Home > Reading Room > A New York Coffee Shop Sues Starbucks for Alleged Trade Mark Infringement

A New York Coffee Shop Sues Starbucks for Alleged Trade Mark Infringement

Written by Fozia Cheychi on 08 May 2017

« Return to Reading Room

The unicorn trend has taken the world by storm. The latest industry to capitalise on this growing trend is perhaps surprisingly the world of coffee’s.

In April, the global coffee chain Starbucks introduced its customers to the limited-edition Unicorn Frappuccino. This interesting and brightly coloured beverage caused quite a stir on social media and now it appears Starbucks may be in hot water with New York based coffee shop- The End Brooklyn (‘the coffee shop’) and its owner Montauk Juice Factory.

The hipster coffee shop claims that Starbucks copied its idea for the bright and colourful drink. Further the owners of the coffee shop claim that its customers assumed they were the ones selling a “copy-cat or knockoff”.

The coffee shop has now filed a $10 million federal trademark infringement lawsuit against Starbucks over the popular beverage. According to a lawsuit filed on Wednesday in U.S. District Court in New York, the coffee shop claims that it created a bright pink and blue beverage called the Unicorn Latte- which it began selling in December. This is four months before Starbucks introduced its Unicorn Frappuccino.

The Unicorn Latte was a success and its popularity soared- this prompted the coffee shop to file a trademark application for it on 20 January 2017- which is still pending. The suit alleges that the popularity was such that the beverage accounted for around a quarter of the shop’s sales since its launch.

The suit alleges that the similar names and the similar appearance of the drinks, creates customer confusion within the market. The suit further states: by creating and marketing such a similar product, Starbucks should be “held accountable for infringing, diluting and otherwise diminishing the plaintiffs’ intellectual property value”.

The suit states “the size and scope of Starbucks’ product launch was designed so that the Unicorn Frappuccino would eclipse the Unicorn Latte in the market, thereby harming [The End] and confusing their customers. Starbucks’ products began appearing on social media labelled with the hashtag #unicornlatte online publications began referring to Starbucks’ products as Unicorn Lattes and the [The End’s] Unicorn Latte- while still occasionally mentioned- was reduced to an ‘also ran’ anecdote to Starbuck’s Unicorn Frappuccino”.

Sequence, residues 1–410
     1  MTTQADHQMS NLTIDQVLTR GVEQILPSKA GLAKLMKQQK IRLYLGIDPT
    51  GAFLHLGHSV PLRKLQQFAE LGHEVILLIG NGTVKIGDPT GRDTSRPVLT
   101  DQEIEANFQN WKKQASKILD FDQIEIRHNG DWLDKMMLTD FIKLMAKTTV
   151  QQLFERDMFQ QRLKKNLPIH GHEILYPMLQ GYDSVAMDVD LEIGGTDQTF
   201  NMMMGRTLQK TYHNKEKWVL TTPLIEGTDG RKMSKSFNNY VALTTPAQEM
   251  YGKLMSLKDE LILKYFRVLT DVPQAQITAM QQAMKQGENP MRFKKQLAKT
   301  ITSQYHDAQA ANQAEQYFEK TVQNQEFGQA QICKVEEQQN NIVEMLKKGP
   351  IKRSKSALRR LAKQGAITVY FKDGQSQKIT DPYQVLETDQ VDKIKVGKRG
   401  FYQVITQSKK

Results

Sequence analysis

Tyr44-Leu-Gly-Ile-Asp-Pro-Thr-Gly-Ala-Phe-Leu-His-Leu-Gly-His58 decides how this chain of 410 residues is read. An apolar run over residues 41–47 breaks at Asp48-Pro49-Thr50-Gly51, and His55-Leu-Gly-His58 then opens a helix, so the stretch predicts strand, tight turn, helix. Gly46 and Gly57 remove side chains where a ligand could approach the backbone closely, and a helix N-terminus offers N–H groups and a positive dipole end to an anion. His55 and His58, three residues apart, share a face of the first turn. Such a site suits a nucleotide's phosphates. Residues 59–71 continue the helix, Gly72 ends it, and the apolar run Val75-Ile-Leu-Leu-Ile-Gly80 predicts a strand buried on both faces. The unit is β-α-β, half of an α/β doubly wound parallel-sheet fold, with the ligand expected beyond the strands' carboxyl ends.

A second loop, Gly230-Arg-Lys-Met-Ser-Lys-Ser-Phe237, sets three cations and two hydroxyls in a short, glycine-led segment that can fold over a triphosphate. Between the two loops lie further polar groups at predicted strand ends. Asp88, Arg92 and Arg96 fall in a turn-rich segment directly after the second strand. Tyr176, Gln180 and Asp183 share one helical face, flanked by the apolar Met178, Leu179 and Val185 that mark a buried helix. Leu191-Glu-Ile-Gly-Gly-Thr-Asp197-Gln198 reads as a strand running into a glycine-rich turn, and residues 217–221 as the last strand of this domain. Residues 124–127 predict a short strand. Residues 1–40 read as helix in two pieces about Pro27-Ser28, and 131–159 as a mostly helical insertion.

The suit continues; “Neither drink contains coffee. The End’s version is made from cold pressed ginger, lemon juice, dates, cashews, blended with additional healthy dried ingredients such as maca root, blue-green algae, and vanilla, whilst on the other hand Starbucks’ version is “a concoction of milk, artificial sweeteners, color additives, and pinches of fruit juice concentrate for the flavour”.

Even though Starbucks’ Unicorn Frappuccino was a limited-edition product that is no longer available. The coffee shop alleges that the damage has very much been done. The suit alleges “Starbucks’ conduct has diluted the distinctive quality of [The End’s] famous Unicorn Latte mark and has and is likely to confuse consumers into believing that that the Starbucks’ products are affiliated with, or are otherwise endorsed or approved by [The End], and vice-versa.

The coffee shop and its owner are seeking all profits that Starbucks made from sales of its Unicorn Frappuccino and for any losses incurred. Further the coffee shop also wants a public apology.

Starbucks spokesman Reggie Borges has responded by stating that Starbucks believes the claims made in the lawsuit are without merit. In an email, Starbucks stated the following: “The Starbucks Unicorn Frappuccino blended beverage was inspired by the fun, spirited and colourful Unicorn-themed food and drinks that have been trending in social media”, it further added that the beverage was offered for a limited period in April and is no longer available.

 

If you'd like to know more about this article please send an email to Michael Coyle quoting the article title and any questions you might have, alternatively call the office number on 02380 235 979 or send an enquiry through our contact form.

Want to speak
to someone?

Complete the form below and we’ll call you back free of charge.

Visual Captcha